Tuesday, August 25, 2015

Utility - In Another Sense

Utility, in an economic sense, is defined in Investopedia as:

"Utility is an abstract concept rather than a concrete, observable quantity. The units to which we assign an "amount" of utility, therefore, are arbitrary, representing a relative value. Total utility is the aggregate sum of satisfaction or benefit that an individual gains from consuming a given amount of goods or services in an economy."

I became familiar with the term "utility" in this regard from Jordan Ellenberg's "How Not To Be Wrong" and it intrigued me.  Business Insider and Smithsonian give nice summaries of its use in the book here and here respectively.  The gist of it is that everything comes with a cost and you need to ask yourself what cost are you willing to pay for a level of comfort.  It is an "inconvenience factor" and Ellenberg measures it in utils.

The book explores the case of a passenger heading to an airport.  Say an hour of time wasted at the airport that could have been spent doing something more productive costs someone 1 util.  However, the cost of missing the plane is 6 utils.  We have three scenarios:

a)  2 hours early x 1 util/hour + 2% chance of being late x 6 utils for missing the plane = 2.12 utils total cost

b)  1.5 hours early x 1 util/hour + 5% chance of being late x 6 utils for missing the plane = 1.8 utils total cost

c)  1 hours early x 1 util/hour + 15% chance of being late x 6 utils for missing the plane = 1.9 utils total cost

Utility can be positive or negative - you want to minimize negative utility usage while acquiring positive utility.  Be greedy with your positive utility; unlike the avaricious accumulation of money, there are no negative side effects of positive utility accumulation.  Be stingy with your negative utility - and don't trade it for just anything.  In the above example, say you estimate that making your flight is worth +3 utils and that number doesn't change for any of the above three scenarios.  So, for a) you end up with +0.88 utisl; b)  +1.2 utils; and c)  +1.1 utils, assuming you make your flight.  The right answer is "b", which results in the overall highest positive utils of the three options.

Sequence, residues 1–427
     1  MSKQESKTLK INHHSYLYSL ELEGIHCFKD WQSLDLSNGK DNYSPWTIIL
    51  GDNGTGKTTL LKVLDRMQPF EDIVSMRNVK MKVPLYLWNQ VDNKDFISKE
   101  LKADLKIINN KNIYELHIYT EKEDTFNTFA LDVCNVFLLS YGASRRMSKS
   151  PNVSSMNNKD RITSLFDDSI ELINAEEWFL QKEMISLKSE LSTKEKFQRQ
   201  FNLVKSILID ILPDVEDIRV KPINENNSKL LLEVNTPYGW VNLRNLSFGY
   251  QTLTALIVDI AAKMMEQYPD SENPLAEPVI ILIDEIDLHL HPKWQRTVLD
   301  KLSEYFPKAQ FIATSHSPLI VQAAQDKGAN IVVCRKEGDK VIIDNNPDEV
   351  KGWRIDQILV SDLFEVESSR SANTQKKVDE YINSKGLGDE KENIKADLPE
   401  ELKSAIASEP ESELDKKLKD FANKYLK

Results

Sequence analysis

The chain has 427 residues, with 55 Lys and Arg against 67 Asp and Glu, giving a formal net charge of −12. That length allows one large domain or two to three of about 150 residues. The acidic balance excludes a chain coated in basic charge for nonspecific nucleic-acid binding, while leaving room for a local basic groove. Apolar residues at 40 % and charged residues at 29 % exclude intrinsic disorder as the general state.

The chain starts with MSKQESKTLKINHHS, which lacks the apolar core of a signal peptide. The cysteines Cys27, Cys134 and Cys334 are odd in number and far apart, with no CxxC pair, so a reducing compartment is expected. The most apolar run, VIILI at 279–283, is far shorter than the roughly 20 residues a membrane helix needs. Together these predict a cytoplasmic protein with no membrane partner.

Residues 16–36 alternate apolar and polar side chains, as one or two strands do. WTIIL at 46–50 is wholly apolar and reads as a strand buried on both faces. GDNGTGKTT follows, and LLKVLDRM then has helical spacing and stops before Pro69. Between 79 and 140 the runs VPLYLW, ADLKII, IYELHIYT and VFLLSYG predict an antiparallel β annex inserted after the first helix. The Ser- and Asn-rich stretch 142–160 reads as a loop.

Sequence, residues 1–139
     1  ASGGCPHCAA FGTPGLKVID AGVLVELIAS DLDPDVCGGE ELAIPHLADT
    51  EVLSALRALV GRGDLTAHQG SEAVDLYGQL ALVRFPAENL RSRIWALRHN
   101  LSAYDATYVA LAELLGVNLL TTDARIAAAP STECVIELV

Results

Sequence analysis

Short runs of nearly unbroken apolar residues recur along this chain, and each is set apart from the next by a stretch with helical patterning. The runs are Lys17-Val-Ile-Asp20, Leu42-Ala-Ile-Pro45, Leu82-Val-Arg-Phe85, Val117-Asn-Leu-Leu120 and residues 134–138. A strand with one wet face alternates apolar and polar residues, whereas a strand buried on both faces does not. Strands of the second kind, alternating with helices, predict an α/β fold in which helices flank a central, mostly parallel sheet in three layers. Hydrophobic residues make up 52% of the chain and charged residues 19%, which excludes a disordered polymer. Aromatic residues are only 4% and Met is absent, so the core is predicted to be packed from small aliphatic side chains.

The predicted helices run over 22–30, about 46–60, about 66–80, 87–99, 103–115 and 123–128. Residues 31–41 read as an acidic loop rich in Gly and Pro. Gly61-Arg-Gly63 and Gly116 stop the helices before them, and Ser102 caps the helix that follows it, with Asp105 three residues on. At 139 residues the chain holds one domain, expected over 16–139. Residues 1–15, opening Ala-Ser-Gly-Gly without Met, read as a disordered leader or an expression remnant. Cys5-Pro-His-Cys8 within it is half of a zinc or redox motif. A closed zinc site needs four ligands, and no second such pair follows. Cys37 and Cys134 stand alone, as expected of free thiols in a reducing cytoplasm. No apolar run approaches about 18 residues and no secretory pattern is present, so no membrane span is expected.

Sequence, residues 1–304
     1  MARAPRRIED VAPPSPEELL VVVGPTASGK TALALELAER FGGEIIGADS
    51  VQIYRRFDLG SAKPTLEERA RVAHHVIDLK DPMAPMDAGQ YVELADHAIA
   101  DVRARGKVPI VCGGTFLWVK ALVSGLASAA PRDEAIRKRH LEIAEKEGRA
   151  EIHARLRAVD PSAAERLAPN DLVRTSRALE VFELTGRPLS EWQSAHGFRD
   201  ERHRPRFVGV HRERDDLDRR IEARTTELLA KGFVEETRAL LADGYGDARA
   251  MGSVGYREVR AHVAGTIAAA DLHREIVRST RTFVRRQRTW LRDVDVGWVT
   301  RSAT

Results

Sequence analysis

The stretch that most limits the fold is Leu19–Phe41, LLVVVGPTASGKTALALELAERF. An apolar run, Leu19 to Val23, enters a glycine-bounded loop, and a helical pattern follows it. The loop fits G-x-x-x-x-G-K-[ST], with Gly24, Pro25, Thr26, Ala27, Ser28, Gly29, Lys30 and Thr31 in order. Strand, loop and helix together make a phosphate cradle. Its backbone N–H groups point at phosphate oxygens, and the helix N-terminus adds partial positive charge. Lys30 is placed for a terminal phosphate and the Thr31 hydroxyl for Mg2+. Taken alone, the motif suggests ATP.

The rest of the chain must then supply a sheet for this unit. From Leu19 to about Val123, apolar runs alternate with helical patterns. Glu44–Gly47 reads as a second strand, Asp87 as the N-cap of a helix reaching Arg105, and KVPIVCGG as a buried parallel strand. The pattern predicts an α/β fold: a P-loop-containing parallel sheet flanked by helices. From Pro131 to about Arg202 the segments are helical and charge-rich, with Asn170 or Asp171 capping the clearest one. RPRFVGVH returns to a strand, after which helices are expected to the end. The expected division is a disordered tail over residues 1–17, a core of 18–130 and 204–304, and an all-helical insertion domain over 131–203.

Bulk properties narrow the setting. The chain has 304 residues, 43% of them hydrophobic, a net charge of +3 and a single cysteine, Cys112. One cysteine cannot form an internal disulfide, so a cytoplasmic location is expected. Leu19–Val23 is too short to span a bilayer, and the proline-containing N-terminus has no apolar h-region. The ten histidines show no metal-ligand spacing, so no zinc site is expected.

The result, of course, changes depending on how you value making your flight against what value of utils you assign to wasted airport time.  Util value will vary from person to person; there is no standard util cost for missing a plane as each person values his or her time differently.  Additionally, it is impossible to assign an exact number of utils to an activity, but the idea should not be lost.  As Ellengerg puts it, "The output is qualitative, not quantitative." 

Besides, I'm not promoting calculating out your estimated utility usage for all of your daily activities (that would cost ANYONE a lot of utils, right?), but I am an advocate of constantly maintaining a cost/benefit mindset in even the most trivial tasks.  I've discussed some hacks here and an analysis of the lives of two different fictional characters here that illustrate this process. 

Being a budget shopper with your utils will benefit you exponentially in the future.  Have a thorough understanding of which activities you value above others and then budgeting your utils will be an easy task.  Keep your ultimate goal at the forefront of your thoughts and expend your utils only on activities that bring you closer attaining it.  You'll be amazed at the compounding effect of those positive utils!

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